On Friday, telecom giant Rostelecom stated that it thwarted DDoS-attacks on the five largest banks and financial institutions in Russia. All the attacks were on 5 December 2016, the longest of them lasting for over two hours. Muslim Medzhlumov, director of the Rostelecom Cybersecurity Centre, said in a statement posted published on the company’s website:
The analysis of the attack sources carried out by Rostelecom specialists revealed that the traffic was generated from the home routers of users usually referred to IoT devices. A distinctive feature of the attacks was that they were organised with the help of devices that support the CWMP Management Protocol (TR-069). A few weeks ago, a serious vulnerability was revealed in the implementation of this protocol on a number of devices from different manufacturers, which allows attackers [to] organise DDoS-attacks. At the beginning of last week, the largest German operator Deutsche Telecom had an attack on users’ home devices, as well as the Irish provider Eircom.
On 2 December, the Federal Security Service (FSB) reported that it’d received intelligence of foreign intelligence services preparing large-scale cyber-attacks in Russia in the period starting from 5 December 2016, aimed at destabilising Russia’s financial system and the activities of a number of major Russian banks. A RIA Novosti source close to the Central Bank reported that the Bank of Russia recorded several attacks on 5 December on the site of VTB Bank Group.
On Tuesday, President V V Putin signed into effect an updated doctrine on information security. It states that the limitless flow of information has a negative impact on international security, as it can be employed to pursue geopolitical and military goals, thus favouring organized crime, extremists, and terrorists. The doctrine notes that foreign intelligence services target Russian government agencies, scientific centres, and military industries using electronic and cyber surveillance. To counter threats and challenges in the information environment, Russia will build “strategic deterrents” and step up efforts to “prevent armed conflicts that stem from the use of IT”. The doctrine also instructs government agencies to strengthen critical information infrastructure to protect against cyber and computer network attacks.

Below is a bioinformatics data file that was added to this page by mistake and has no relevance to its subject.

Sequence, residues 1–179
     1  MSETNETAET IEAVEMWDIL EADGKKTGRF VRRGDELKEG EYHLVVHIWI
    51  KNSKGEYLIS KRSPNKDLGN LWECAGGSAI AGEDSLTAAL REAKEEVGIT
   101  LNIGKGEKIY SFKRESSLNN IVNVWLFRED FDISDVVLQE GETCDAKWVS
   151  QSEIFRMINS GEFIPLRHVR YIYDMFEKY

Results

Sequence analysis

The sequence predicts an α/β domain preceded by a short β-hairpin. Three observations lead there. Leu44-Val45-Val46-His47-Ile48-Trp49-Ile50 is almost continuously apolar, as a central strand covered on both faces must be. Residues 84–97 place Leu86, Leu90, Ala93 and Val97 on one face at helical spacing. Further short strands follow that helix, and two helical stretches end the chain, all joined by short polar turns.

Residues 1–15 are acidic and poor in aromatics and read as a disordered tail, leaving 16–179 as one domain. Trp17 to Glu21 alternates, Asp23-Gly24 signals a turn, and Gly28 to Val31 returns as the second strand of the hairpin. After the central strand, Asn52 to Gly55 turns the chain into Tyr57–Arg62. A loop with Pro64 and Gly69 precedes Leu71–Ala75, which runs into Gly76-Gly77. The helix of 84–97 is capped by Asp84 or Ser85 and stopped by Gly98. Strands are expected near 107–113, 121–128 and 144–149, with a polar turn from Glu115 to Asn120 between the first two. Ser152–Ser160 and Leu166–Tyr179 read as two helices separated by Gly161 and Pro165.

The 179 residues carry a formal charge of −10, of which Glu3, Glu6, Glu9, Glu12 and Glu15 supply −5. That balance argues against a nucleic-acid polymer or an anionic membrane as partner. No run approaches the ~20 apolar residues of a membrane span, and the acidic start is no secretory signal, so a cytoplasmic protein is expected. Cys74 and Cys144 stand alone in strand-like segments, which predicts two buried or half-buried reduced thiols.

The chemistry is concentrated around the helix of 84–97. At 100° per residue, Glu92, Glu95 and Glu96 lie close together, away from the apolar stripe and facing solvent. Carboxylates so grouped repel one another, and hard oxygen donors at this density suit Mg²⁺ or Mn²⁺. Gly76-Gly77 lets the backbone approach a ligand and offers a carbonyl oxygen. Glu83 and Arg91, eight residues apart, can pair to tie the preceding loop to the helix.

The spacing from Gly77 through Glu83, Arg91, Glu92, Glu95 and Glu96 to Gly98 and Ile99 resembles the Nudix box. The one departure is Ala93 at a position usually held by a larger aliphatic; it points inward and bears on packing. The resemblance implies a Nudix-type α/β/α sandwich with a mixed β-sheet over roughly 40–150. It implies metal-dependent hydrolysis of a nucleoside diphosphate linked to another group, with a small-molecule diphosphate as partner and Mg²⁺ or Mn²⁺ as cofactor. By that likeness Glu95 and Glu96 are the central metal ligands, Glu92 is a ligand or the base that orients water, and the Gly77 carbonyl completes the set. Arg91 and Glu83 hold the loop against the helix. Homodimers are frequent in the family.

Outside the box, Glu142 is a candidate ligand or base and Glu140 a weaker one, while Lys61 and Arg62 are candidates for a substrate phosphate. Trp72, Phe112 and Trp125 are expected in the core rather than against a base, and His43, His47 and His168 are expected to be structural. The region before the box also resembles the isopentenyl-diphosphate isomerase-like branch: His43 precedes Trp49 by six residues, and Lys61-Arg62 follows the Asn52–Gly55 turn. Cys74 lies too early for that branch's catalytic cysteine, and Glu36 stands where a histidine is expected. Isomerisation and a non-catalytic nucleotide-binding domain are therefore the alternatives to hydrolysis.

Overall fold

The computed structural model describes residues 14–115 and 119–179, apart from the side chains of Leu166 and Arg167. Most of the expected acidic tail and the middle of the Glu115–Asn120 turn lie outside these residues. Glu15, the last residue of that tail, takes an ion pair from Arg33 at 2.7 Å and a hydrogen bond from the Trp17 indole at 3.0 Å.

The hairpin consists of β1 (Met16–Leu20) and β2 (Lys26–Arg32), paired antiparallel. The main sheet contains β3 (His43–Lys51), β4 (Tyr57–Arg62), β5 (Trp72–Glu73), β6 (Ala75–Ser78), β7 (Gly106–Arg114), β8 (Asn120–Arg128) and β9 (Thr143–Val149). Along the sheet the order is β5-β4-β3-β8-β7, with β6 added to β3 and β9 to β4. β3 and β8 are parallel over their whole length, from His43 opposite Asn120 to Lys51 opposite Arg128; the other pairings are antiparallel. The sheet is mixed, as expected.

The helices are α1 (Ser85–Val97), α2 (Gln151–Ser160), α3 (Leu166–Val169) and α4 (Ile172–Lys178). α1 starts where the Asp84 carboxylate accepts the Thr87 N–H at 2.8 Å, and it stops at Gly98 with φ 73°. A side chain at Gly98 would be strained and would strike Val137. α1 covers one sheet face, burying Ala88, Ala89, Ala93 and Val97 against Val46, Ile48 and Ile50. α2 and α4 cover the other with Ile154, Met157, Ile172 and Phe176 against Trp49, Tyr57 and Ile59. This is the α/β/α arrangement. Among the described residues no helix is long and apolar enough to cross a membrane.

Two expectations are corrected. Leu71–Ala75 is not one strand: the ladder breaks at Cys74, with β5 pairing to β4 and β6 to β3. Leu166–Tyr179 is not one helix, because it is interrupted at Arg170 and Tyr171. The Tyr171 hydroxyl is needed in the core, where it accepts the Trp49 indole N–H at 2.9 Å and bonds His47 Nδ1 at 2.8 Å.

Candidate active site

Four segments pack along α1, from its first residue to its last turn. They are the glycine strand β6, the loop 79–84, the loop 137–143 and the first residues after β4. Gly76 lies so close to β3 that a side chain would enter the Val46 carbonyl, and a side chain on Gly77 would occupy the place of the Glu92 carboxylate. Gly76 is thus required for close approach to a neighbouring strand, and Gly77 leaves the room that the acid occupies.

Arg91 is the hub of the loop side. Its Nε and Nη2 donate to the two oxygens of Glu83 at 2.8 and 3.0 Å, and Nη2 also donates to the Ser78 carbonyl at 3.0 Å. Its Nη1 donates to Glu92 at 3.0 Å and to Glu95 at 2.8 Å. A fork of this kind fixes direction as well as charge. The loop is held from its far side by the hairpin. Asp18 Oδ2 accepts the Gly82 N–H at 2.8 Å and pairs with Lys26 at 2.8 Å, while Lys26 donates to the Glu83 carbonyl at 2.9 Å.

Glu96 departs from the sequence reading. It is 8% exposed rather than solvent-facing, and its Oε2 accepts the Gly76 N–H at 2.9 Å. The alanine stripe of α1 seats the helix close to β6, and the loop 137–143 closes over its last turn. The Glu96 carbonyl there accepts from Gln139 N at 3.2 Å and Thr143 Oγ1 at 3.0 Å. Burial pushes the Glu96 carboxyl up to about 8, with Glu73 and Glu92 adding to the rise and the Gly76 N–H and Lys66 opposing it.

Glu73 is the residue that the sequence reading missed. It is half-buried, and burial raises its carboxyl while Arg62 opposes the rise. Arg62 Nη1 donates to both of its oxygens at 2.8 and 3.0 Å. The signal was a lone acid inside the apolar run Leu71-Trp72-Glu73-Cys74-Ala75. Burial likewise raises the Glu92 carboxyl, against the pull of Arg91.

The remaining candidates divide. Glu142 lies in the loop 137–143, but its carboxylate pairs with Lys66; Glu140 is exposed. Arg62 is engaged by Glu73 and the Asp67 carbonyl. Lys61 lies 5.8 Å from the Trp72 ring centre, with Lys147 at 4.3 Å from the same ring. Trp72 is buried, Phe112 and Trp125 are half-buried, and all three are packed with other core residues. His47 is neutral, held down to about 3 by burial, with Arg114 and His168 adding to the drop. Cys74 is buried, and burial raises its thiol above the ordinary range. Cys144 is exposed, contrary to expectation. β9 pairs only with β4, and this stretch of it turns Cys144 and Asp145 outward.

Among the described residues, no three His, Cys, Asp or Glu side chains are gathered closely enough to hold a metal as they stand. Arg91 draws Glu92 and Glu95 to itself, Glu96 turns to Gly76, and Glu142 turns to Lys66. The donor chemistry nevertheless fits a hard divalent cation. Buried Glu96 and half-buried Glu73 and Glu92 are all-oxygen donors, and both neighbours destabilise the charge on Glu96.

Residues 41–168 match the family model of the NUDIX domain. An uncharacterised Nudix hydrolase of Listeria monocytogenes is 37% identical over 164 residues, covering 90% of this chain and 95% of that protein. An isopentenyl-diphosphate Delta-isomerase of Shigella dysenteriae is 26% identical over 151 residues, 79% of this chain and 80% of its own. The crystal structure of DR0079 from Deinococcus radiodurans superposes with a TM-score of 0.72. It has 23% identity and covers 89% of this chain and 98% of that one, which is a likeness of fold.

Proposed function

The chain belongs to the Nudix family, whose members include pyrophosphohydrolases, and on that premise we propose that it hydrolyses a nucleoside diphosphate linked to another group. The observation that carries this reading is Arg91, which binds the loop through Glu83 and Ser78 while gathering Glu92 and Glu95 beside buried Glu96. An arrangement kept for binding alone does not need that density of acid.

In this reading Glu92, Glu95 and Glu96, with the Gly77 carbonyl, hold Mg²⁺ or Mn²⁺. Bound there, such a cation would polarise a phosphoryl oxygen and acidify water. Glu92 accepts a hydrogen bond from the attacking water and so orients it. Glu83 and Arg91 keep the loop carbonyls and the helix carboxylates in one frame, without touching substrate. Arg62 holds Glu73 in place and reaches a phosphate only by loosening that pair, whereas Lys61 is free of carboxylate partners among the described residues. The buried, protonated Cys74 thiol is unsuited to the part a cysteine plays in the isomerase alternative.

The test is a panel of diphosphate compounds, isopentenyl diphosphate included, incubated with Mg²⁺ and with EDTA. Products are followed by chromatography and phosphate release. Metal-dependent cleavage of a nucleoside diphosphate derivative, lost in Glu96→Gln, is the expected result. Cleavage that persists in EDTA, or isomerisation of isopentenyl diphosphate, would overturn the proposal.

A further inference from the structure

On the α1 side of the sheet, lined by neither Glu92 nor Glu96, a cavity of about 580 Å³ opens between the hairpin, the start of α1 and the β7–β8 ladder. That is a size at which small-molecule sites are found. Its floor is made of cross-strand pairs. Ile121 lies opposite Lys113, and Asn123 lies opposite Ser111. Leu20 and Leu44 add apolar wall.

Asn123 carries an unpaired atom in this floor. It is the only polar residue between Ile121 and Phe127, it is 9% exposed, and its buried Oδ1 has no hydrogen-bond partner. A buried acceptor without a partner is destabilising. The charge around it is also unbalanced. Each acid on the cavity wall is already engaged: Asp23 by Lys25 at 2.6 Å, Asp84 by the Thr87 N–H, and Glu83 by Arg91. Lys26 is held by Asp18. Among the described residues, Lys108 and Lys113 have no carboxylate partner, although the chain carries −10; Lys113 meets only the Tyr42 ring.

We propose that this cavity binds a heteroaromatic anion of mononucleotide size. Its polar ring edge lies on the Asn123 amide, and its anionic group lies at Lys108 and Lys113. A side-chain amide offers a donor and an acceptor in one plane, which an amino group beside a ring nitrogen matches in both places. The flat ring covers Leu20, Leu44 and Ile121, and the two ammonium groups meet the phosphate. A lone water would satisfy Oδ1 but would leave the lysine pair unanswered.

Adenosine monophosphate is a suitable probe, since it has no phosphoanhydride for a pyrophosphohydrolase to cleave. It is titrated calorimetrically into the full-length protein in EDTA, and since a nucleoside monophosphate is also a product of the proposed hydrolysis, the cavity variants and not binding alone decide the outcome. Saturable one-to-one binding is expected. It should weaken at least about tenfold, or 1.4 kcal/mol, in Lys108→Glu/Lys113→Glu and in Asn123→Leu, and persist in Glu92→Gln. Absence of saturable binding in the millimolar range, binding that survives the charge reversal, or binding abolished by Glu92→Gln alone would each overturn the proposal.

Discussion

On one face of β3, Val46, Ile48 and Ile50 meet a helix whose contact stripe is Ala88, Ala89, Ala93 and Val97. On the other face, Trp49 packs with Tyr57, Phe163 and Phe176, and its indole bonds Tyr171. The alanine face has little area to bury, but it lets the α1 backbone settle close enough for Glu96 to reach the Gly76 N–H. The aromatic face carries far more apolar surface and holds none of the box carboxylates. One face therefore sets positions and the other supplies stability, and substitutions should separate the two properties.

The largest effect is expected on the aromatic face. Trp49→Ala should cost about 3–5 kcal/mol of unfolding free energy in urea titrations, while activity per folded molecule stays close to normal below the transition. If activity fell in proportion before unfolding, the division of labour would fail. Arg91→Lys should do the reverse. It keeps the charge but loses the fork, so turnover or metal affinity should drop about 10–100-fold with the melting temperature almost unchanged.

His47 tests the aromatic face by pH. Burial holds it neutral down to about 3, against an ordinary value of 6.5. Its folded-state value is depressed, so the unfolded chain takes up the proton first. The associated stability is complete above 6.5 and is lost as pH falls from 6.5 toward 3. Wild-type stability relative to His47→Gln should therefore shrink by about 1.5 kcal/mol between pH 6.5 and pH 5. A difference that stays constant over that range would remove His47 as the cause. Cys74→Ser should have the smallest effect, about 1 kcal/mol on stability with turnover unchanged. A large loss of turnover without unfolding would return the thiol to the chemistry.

9 December 2016
The Anglos blubber about nonexistent Russian cyberattacks… as they mount their own bumbling attacks on Russia. Russian geeks are the tops… this shows it… it’s why I have Kaspersky on my machine… it’s been the best, it’s protected me from all kinds of cyberworld mugging, so, I’ve never regretted “going Russian”… so should you.